Posts Tagged ‘spanish drinks’

one of the many perks of living in spain are the endless options for eating out and enjoying the spanish food. fresh seafood, tasty wines, delicious cured meats and of course the world famous tapas are among the options one has when opting for a taste of the real spanish food. this time we will give you some tips to find the nicest tapas bars in sevilla and to discover its best food markets.


the city of seville

first of all, one should know that people from sevilla love to be outside on the streets and meet their friends, family or just walk around town watching people and enjoy some sun. even at night the streets are very lively and for many people being out of the house means socializing over dinner or enjoying a nice wine out on the many terraces in town. all streets are buzzing with a mix of young people ready to go out, families having dinner together or tourist trying to find the best place to enjoy some real spanish food. the latter is the perfect reason to inform you on all the great food places that sevilla has to offer.


locals enjoying tapas in seville

the real way to enjoy a tapas “meal” is to get a glass of wine or beer and to have a small tapa with it, after finishing you head on to the next bar and start the session again. in spain this kind of bar-hopping is called “ir de tapas”, so here we go:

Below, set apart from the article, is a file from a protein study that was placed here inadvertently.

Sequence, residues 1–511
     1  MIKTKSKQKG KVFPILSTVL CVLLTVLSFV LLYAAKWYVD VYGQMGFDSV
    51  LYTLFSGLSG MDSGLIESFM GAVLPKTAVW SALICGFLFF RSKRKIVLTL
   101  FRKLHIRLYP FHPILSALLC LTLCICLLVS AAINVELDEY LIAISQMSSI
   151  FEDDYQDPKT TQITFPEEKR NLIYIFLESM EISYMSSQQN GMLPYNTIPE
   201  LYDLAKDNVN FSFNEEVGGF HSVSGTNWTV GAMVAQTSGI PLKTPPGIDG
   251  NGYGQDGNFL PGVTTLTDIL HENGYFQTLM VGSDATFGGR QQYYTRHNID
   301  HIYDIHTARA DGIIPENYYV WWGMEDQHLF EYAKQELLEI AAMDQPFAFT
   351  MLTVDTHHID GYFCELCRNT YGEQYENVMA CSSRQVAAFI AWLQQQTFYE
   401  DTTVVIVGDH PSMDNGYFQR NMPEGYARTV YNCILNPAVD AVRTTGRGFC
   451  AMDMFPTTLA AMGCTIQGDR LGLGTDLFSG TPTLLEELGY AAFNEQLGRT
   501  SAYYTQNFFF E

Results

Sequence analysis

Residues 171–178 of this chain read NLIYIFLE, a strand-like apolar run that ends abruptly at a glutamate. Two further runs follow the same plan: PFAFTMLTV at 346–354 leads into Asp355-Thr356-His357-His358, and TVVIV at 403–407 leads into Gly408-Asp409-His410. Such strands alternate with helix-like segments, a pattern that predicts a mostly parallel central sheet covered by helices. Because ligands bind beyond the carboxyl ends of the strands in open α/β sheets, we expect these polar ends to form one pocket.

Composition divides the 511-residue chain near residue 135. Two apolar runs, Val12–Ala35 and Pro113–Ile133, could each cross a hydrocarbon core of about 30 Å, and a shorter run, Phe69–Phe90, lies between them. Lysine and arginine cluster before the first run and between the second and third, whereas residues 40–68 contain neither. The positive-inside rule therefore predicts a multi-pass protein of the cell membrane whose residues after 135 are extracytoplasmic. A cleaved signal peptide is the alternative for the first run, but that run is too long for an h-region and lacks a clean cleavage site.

• los coloniales – this place serve big portions at a very low price. all tapas dishes they offer are huge and of a very good quality. make sure to come early and expect to wait a little since this place is very popular. most dishes (raciones) and tapas cost around 2,50€. address: plaza cristo de burgos, 19 and calle fernández y garcía, 36 y 38. the restaurant is open for lunch and dinner daily.
  • bar alfalfa – this nice and charming place is situated in a building between two streets. it offers simple yet delicious tapas dishes and is a very popular spot among both locals and tourists. the bar is located on a lively plaza which truly reflects the ambiance of the bar. address: calle candilejo, 1. open all day.
  • duo tapas – is a place missed by many people and less touristy than many other bars. this restaurant is located on the charming alameda de hércules square and offers ‘new school’ kind of tapas, an inventive alternative to el rinconcillo’s ‘old school’ ones. most tapas have an asian twist which makes this venue a good options for those looking for something different. we recommended to order the green chicken with rice and spicy noodles. address: calle calatrava 10. open all day.

the beautiful facade of bar alfalfa

if you are more into food markets sevilla has a lot of options too. below some of our recommendations and tips to get the best and most fresh food in town: